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Sir Reginald Styles (Wilfred Carter), trying to organize a peace conference to prevent World War III, finds a black-clad soldier armed with a futuristic weapon bursting into his study at Auderley House, but the man vanishes before he can fire. UNIT is called in, but Sir Reginald can tell them little. He is busy organizing a trip to Peking. Later, the gunman re-appears in a time-vortex and is attacked by alien thugs called Ogrons. UNIT finds the soldier injured and takes him to the hospital. The Doctor declares his weapon an ultrasonic disintegrator and finds a crude time-machine in a small box. As he tries to activate it, the injured man vanishes from the ambulance.

Sir Reginald is off to China and the Doctor spends the night at his house, examining the wine-cellar, with Jo accompanying him and UNIT patrolling the grounds. The next morning, three guerillas appear from the time-vortex—Anat (Anna Barry), Boaz (Scott Fredericks), and Shura (Jimmy Winston). At first, they believe he is Sir Reginald and want to kill him. He has re-activated the time-machine and they beg him to turn it off. In the future, the Daleks are alerted. The Doctor convinces them he is not Sir Reginald, but they still don’t trust him, and when UNIT soldiers enter the house, the Guerillas bind and gag the Doctor and Jo in the basement.

In the dystopian 22nd Century, the Daleks order the human Controller (Aubrey Woods) to send Ogron troops to the co-ordinates of the house. The Brigadier (Nicholas Courtney) tells the Doctor on the phone that the conference is on and the World Leaders will be arriving at the house. The Doctor, as his captors are listening, asks the Brigadier to “tell it to the Marines”, making him suspicious. Jo frees herself and threatens to destroy the time-machine, but it activates, and she vanishes into the future, where the Controller charms her and puts her at ease. She tells him everything. Daleks and Ogrons attack the house. Most of the time-travel is happening in a tunnel that exists in both times. The Doctor enters, travels to the future, and discovers the Daleks, human slave-laborers, and the Earth largely destroyed. There was a World War and the Daleks moved in to take over.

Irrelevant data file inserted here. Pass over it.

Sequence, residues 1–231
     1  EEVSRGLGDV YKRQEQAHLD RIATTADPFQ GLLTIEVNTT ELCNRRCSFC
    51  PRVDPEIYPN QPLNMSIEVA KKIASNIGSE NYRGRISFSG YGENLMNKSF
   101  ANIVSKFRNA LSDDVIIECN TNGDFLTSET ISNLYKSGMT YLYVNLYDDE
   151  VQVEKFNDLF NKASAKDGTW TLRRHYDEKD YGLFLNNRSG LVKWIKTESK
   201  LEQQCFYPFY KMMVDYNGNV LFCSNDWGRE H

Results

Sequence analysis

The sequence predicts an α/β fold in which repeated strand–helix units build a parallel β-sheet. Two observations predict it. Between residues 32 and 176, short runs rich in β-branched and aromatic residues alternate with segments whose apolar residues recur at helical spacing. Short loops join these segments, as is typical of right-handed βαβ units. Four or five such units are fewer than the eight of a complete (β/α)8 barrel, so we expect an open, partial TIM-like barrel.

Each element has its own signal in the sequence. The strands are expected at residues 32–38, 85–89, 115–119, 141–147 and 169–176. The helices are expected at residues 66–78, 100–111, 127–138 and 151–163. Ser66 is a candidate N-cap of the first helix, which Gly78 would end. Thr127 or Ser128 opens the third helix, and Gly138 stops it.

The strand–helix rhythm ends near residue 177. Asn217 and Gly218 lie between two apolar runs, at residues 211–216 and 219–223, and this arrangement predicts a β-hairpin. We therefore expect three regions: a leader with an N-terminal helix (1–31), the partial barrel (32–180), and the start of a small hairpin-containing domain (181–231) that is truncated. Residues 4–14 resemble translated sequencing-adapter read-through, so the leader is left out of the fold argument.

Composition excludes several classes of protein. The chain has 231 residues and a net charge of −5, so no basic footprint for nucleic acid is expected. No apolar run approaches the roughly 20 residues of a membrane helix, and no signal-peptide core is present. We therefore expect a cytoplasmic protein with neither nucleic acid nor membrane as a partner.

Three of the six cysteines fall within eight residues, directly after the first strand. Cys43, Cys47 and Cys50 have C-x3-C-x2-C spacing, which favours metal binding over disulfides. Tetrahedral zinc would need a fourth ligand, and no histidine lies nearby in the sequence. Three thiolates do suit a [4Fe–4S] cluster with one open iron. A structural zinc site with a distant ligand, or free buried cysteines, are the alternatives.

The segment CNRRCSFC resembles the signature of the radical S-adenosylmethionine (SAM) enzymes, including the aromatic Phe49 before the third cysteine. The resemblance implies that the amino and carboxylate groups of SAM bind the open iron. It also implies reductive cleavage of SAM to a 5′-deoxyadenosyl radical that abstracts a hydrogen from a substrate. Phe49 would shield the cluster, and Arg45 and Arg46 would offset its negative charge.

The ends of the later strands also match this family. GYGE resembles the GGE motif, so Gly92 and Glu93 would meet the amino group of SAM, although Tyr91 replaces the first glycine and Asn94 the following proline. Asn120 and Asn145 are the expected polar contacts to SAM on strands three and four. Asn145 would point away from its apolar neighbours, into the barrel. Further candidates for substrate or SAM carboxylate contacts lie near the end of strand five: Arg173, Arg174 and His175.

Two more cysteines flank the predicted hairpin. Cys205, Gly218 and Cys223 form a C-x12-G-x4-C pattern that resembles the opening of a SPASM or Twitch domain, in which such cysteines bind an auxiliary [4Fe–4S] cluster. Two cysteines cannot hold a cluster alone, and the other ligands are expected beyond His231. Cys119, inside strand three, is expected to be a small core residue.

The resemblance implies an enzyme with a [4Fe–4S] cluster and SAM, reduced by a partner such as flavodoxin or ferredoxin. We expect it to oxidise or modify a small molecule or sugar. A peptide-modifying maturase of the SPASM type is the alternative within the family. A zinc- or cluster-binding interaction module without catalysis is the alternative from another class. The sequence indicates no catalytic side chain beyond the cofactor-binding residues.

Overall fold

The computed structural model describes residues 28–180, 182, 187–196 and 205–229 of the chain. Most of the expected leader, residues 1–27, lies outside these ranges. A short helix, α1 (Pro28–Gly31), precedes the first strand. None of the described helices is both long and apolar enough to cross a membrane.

The Doctor is arrested by the Controller, but the rebels free him. They tell him it all began at Auderly House. During the peace conference, it was blown up and killed most of the World’s leaders, triggering the war. The rebels believe Sir Reginald did it, the Doctor does not; he realizes this is a predestination paradox. Shura, one of the rebels, thought killed, has survived and will set off the bomb to kill Sir Reginald. Thus, they will start the very war they went back to prevent. The Doctor and Jo make their way back. The conference is attacked by Daleks and Ogrons, UNIT evacuates the delegates, the Doctor creeps into the basement to convince Shura not to set off the bomb. Shura understands, realizes that the Daleks are coming in, orders the Doctor and Jo out of the house, and sets off the bomb, killing himself and all the Daleks.

In the 2011 DVD release, CGI was used to make it look like an army of Daleks was attacking the house instead of the three the original production could afford. Marvel Comic artist John Byrne has admitted that the plot of X-Men: Days of Future Past was unconsciously lifted from Day of the Daleks. But of course, Harlan Ellison famously sued the Terminator movie because its plot was the same as a story he wrote for Outer Limits, which is remarkably like this one, which pre-dates them all. It’s kind of an obvious story when you think about it. Nevertheless, under Terrance Dicks, one of the most science-fictiony of the Doctor Who writers, this is a cracking and sophisticated time-paradox story.

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